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Matthew Hugo

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since Mar 25, 2014
North Carolina Piedmont
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Recent posts by Matthew Hugo

Hi all,

I'm obsessed with nuts. I'm from the Southeast and I dream of harvesting nuts from abundant chestnuts, hickories, oaks, hazelnuts, and native fruit trees (pawpaws and persimmons). However everytime I try and think about the specifics of implementing/managing such a system (especially on the site I have in mind) my head starts spinning. I thought maybe someone here has some ideas or would like to dream with me I don't own or manage any land, but for a project I'm designing this sytem on a site that I've spent some time on. It's in mountainous western NC at about 2000 ft. and gets about 40-45" of rain. The slopes are intense (15-30 deg.), the soil is thin (past clearcutting left just a couple feet of soil over shale and conglomerate), however what is there is of a nice texture. This is all theoretical so I'm not concerned with getting it perfect. Here's a topo map of the site and some of my goals (The yellow lines are the property boundary (property is shaped like a boot). It's about 30 acres, and that creek at the bottom runs all year, and it gets quite shady down there due to a ridge to the south.)



Goals:
1. Harvest enough chestnuts, acorns, hazelnuts, hickory nuts to eat myself, share, sell some and earn some cash. Not necessarily cash crop scale, but a nice chunk of change.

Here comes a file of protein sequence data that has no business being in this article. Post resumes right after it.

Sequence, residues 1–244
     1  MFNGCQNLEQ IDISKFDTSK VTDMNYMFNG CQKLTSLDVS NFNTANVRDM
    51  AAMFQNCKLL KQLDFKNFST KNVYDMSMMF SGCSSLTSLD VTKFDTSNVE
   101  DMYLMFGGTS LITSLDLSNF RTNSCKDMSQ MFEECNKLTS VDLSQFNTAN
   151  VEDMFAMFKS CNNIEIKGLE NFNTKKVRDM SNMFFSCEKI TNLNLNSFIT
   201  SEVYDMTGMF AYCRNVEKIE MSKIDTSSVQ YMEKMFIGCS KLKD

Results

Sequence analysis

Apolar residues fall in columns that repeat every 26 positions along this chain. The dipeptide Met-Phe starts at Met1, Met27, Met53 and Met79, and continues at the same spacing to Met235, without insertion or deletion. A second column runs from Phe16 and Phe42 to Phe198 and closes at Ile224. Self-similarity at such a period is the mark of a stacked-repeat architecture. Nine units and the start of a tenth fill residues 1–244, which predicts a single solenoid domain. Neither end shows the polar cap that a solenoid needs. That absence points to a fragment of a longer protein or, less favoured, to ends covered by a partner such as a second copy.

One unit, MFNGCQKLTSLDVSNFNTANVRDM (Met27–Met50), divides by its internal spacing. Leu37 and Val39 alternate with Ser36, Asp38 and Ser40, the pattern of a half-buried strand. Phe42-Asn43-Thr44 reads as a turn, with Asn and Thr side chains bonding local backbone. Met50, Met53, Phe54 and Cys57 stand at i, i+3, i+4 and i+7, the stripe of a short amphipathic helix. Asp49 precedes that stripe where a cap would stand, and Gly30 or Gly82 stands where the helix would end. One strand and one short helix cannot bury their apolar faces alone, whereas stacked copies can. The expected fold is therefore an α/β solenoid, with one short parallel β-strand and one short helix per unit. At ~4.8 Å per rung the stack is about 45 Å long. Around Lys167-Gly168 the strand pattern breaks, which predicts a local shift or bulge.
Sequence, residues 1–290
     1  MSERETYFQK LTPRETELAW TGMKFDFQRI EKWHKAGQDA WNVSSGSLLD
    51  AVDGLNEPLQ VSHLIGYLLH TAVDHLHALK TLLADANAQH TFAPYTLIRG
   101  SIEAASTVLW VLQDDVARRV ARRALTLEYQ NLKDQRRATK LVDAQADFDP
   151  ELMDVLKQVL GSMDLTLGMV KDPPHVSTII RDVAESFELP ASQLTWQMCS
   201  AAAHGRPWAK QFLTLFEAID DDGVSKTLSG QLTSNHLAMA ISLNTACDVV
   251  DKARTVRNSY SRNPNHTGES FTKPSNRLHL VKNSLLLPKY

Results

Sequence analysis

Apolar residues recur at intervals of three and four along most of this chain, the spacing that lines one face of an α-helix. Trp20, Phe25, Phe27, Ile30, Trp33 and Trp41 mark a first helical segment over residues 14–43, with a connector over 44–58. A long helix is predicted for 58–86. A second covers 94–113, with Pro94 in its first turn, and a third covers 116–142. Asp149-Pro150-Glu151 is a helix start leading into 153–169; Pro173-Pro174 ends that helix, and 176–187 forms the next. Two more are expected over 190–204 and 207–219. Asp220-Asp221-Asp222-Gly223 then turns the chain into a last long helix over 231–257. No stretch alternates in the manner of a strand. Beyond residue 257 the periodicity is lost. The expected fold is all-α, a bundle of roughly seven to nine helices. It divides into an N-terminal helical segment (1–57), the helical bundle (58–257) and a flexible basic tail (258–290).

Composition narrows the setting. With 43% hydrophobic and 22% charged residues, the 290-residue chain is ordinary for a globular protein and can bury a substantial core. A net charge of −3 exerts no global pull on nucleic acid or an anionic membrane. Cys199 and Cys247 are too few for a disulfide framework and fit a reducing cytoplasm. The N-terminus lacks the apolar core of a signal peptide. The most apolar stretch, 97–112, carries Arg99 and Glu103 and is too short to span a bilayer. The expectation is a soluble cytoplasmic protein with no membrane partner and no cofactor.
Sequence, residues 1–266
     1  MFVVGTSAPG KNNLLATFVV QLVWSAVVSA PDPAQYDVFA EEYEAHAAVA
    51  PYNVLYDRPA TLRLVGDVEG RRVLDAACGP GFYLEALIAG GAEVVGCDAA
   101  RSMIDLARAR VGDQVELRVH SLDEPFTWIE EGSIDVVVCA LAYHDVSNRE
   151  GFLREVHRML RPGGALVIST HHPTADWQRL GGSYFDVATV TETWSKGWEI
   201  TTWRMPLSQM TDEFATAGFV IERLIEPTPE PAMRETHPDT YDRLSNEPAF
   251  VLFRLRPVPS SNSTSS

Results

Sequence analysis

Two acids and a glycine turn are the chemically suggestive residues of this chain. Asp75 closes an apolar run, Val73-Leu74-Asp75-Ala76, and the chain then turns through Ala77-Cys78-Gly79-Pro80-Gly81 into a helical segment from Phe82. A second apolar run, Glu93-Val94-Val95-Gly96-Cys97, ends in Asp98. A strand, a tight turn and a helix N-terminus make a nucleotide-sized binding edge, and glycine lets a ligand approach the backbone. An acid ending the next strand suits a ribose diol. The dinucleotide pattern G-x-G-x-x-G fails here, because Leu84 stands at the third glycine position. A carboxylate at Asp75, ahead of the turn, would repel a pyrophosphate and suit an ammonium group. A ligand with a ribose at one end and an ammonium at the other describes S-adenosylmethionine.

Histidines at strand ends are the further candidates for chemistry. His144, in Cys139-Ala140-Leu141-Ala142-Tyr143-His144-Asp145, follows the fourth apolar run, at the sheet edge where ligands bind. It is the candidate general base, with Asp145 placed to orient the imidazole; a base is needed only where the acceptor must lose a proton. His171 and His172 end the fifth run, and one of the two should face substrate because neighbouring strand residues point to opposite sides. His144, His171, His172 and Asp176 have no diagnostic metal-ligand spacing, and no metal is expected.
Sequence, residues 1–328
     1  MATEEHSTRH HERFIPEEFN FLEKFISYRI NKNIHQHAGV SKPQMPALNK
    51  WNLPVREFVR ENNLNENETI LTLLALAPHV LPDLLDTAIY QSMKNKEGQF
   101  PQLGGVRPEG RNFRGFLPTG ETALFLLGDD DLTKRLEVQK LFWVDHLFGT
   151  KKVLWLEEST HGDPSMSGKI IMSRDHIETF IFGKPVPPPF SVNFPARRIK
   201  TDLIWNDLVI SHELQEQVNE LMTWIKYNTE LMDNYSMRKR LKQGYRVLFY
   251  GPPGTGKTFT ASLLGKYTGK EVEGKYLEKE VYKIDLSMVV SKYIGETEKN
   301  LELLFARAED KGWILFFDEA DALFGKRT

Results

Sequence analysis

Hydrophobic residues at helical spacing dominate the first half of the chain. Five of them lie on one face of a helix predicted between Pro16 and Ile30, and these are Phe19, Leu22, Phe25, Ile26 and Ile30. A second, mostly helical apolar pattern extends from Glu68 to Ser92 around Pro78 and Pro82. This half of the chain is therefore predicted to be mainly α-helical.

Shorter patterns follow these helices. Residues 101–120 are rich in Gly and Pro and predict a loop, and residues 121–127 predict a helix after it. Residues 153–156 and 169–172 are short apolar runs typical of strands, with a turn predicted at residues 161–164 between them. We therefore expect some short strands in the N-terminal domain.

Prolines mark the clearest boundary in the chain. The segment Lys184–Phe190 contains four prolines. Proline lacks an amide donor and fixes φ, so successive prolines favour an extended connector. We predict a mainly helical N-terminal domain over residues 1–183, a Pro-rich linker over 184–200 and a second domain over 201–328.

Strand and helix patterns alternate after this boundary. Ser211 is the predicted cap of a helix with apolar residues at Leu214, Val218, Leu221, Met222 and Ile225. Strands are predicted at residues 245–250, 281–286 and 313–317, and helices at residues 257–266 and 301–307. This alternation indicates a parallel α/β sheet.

2. Graze animals below the trees. Not sure what animals work best, but I would love to get benefits of understory control for ease of nut harvest. Stocking density doesn't have to be production scale, more like ecological-benefits scale.
3. Use fire as a management system in the fall or early spring, much like native cultures often have in oak/hickory/chestnut forests to clear understory and reduce pest pressure like acorn weevils.

Now I'm not totally crazy. Even though I harvest and enjoy acorns and hickories every year, I realize the market potential is lacking to say the least. Part of a good design would include plans to develop those markets locally or look into shipping to cities that have large populations of people whose ethnic cuisine includes acorns (looking at you Korea). Nut crops are also heavy N-feeders. My idea is growing productive N-fixers and using chop-and-drop, or something like that. Autumn olive comes to mind. I'm very open to other ideas. The biggest problem I'm having is thinking up a way to develop the degraded topsoil, and stop more from eroding. What are the pros and cons of creating berms and swales on such a steep site with little topsoil to begin with? I'm worried about the logistics of getting heavy machinery up to this spot, and the compaction of the soil from the machines themselves. And if there's only a little soil to start with the berms or terraces would have to be tiny unless we brought in soil. And then the trees themselves. There's been a little work on breeding annual-bearing oaks (to avoid the mast cycle, which would make production hard) but I'd love to hear if anyone else has thought about this. Pecan-hickory hybrids are also super interesting to me (tastier nuts like shagbark hickory, but easier cracking and more annual-bearing like pecans).